When I began this project I looked at "Vicki" as a modest and simple role. Playing the level-headed daughter in a modern romantic comedy/murder mystery with 52 lines cues and 5 entrances seemed mildly simple compared to my former projects this year – playing 4 separate characters in Almost, Maine and tackling Christopher Marlowe’s Edward II.
Yet, somewhere along the way I lost touch with my initial impressions of this play, and allowed the text to overwhelm me. There was a period in rehearsal when – much to my director’s dismay, I am sure – I could not find the truth in the lines.
My character became flat and hypocritical in my mind—I wondered what motivated her. I questioned her choice of diction, her actions, her relationships with her family. I could not connect the action. What was the moment before? I could not imagine what she was doing offstage, what she did when she was alone, what her relationship was like with her finance (who never appears in the show, but is frequently spoken about).
Worst of all, I could not figure out her function in the play. Here is a young woman who is about to enter into marriage with Lester – a man that “worships” her, despite the fact that he never appears in the play to support her. She is responsible, business savvy and intelligent, yet she shows her immaturity by calling her father “Daddy”. Her immediate family is completely dysfunctional, only coming together to plan her wedding—a wedding that is only important to the play due to a plot convention used to serve a piece of poisoned wedding cake to her despicable father.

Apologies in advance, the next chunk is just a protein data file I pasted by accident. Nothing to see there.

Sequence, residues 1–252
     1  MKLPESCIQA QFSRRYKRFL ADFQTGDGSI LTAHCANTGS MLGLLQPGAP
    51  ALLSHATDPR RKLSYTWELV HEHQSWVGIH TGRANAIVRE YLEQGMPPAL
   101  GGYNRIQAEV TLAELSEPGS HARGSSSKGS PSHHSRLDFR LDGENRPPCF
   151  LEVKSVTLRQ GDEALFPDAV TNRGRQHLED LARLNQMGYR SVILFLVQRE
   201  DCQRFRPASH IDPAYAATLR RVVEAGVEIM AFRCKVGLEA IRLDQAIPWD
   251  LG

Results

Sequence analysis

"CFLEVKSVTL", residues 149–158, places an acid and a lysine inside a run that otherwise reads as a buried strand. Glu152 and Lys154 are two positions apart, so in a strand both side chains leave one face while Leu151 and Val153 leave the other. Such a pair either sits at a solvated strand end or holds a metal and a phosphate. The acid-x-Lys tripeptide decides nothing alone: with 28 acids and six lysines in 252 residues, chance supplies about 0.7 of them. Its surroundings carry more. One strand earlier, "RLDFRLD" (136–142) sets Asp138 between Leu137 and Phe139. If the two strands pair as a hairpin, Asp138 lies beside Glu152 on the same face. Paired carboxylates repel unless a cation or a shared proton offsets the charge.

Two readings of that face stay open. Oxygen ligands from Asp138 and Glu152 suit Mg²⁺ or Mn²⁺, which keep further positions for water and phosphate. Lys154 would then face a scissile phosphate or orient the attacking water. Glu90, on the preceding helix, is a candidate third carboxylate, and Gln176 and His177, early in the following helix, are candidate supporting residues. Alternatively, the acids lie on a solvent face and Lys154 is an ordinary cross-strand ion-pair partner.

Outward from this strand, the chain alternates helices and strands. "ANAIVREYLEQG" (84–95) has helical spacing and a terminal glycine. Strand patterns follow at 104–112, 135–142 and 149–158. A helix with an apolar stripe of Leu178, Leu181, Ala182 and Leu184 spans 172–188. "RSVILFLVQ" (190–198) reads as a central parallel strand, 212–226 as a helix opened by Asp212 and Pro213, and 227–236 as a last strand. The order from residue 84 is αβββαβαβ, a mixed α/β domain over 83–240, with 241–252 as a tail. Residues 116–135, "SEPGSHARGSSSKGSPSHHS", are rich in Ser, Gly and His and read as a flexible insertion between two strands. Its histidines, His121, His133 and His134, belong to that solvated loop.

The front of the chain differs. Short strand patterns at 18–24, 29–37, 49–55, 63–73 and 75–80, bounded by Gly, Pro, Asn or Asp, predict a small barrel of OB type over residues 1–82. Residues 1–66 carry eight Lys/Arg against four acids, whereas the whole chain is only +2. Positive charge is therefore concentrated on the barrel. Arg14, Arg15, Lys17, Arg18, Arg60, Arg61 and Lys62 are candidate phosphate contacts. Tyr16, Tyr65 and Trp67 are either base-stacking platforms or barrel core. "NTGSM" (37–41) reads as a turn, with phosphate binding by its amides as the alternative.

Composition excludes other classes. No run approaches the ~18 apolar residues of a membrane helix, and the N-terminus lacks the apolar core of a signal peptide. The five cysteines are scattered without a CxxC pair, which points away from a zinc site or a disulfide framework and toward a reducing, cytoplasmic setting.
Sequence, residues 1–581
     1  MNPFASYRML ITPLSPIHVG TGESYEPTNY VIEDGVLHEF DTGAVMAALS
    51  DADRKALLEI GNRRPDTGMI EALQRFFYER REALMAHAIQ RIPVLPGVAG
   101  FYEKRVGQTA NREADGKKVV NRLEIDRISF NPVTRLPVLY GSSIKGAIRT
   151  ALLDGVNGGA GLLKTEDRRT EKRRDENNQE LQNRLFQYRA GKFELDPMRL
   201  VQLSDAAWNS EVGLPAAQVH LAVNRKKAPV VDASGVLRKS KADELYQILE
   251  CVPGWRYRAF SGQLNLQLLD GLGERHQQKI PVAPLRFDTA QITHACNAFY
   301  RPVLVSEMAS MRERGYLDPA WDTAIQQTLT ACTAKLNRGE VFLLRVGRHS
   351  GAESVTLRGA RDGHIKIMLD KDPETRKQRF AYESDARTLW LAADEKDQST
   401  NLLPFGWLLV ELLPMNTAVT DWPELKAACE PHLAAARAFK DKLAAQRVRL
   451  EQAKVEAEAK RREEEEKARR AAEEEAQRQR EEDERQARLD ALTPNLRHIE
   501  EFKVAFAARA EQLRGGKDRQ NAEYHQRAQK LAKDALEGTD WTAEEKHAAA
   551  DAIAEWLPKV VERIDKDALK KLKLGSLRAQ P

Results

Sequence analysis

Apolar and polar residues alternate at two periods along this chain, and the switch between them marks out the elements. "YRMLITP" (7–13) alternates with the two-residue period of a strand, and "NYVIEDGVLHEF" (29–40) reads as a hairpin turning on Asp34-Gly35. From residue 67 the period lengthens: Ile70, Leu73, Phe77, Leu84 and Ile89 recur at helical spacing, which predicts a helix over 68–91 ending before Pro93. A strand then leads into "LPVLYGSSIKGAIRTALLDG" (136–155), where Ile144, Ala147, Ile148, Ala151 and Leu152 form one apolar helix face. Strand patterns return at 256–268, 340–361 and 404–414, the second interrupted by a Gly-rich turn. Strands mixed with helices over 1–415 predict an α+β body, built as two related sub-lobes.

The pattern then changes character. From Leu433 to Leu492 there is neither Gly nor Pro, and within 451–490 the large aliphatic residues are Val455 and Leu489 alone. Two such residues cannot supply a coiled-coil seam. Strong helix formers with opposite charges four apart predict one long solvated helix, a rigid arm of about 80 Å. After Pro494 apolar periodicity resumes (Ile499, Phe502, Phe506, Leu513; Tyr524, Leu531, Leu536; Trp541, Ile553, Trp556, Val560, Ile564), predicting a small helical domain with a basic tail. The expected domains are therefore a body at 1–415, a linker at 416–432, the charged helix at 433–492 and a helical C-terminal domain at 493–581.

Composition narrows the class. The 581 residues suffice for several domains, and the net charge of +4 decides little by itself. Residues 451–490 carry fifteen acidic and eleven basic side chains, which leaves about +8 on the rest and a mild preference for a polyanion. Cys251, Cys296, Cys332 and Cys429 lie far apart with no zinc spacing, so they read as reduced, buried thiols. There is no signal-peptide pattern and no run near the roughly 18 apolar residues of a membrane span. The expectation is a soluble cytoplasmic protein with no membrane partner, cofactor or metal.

Last weekend I finally had an epiphany – What if I approached this play as a film script?
In college I remember sitting in film class, with the camera over my right shoulder as my scene partner recited a rather lengthy monologue (as far as films go) from Sex, Lies and Video Tape. I remember my scene partner struggling, asking questions – Do I know about the affair at this point in the script? Have I made the decision to ask for a divorce? Etc. I remember my professor passing down these words of knowledge: Keep it simple. Play the moment.
What he meant when he said these words to here is something that he emphasized many times in class. When you make a film you will most likely be filming scenes out of order –so to think in terms of a timeline is often counterproductive. The successful film actor asks themselves these two things: What do I want in this scene? How am I going to get it? The rest is just listening and reacting.
So I thought to myself, what if I just play the moment? I brought myself back to the basics. I found myself in the moment, discovered goals and new tactics for my character. I listened to my mother, I listened to my brother and I listened to my father. And somehow through it all I think I got back to the roots of my character.
With only three rehearsals left, I am ready to put on my costumes for the first time tonight and hopefully discover the inner Vicki. Let’s get this show on a roll!